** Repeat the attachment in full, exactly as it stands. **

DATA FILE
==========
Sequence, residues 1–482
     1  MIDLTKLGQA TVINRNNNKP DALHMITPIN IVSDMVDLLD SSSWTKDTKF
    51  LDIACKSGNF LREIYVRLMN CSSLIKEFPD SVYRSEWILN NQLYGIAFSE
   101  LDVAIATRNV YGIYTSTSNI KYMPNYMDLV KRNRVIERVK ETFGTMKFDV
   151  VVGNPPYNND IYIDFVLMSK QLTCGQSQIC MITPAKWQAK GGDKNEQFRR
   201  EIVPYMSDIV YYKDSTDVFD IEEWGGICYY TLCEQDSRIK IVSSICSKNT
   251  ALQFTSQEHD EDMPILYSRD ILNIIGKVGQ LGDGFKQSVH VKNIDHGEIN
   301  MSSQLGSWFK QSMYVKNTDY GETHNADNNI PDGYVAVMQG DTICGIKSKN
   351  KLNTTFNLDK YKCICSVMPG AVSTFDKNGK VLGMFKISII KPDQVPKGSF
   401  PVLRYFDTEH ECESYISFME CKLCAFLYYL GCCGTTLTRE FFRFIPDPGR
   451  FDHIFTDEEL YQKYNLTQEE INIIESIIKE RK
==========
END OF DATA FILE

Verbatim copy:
Sequence, residues 1–482
     1  MIDLTKLGQA TVINRNNNKP DALHMITPIN IVSDMVDLLD SSSWTKDTKF
    51  LDIACKSGNF LREIYVRLMN CSSLIKEFPD SVYRSEWILN NQLYGIAFSE
   101  LDVAIATRNV YGIYTSTSNI KYMPNYMDLV KRNRVIERVK ETFGTMKFDV
   151  VVGNPPYNND IYIDFVLMSK QLTCGQSQIC MITPAKWQAK GGDKNEQFRR
   201  EIVPYMSDIV YYKDSTDVFD IEEWGGICYY TLCEQDSRIK IVSSICSKNT
   251  ALQFTSQEHD EDMPILYSRD ILNIIGKVGQ LGDGFKQSVH VKNIDHGEIN
   301  MSSQLGSWFK QSMYVKNTDY GETHNADNNI PDGYVAVMQG DTICGIKSKN
   351  KLNTTFNLDK YKCICSVMPG AVSTFDKNGK VLGMFKISII KPDQVPKGSF
   401  PVLRYFDTEH ECESYISFME CKLCAFLYYL GCCGTTLTRE FFRFIPDPGR
   451  FDHIFTDEEL YQKYNLTQEE INIIESIIKE RK